Thomas Birch Freeman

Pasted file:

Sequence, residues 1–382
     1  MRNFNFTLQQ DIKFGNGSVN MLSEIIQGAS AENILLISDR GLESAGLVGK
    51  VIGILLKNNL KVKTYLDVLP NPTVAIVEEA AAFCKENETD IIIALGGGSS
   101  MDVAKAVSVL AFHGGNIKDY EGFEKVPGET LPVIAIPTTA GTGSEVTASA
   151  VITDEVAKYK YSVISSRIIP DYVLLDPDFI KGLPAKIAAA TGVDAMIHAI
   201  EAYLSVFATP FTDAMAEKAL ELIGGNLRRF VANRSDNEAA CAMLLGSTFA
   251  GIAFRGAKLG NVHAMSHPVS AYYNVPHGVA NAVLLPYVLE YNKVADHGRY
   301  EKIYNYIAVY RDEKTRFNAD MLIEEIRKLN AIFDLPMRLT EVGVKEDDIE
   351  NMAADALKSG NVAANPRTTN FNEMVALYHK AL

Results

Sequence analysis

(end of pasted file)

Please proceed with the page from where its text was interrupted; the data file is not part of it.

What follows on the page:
1809-1890. First Wesleyan Methodist missionary in Ghana to survive for more than a short period. Born near Winchester, son of a West Indian father and an English mother, he worked as a gardener and botanist, offering for overseas service in 1837. He arrived at Cape Coast at the beginning of the following year and started work single-handed after the death of all his predecessors. His interests extended to architecture, botany, agriculture, and education, but his dominant concern was the geographical expansion of Christianity. He visited Kumasi, capital of Ashanti, in 1839, and Badagry and Abeokuta, now in Nigeria, in 1841-42, calling at Abomey, the capital of Dahomey, during his return journey. By 1856 he had built up a strong church and an educational system which included thirty-five schools, four of them in Nigeria and Dahomey. He had also, however, incurred cumulative over-expenditure of more than £10,000, and in 1857 he resigned from the ministry. For some time he worked in government service in Ghana, returning to the ministry in his later years.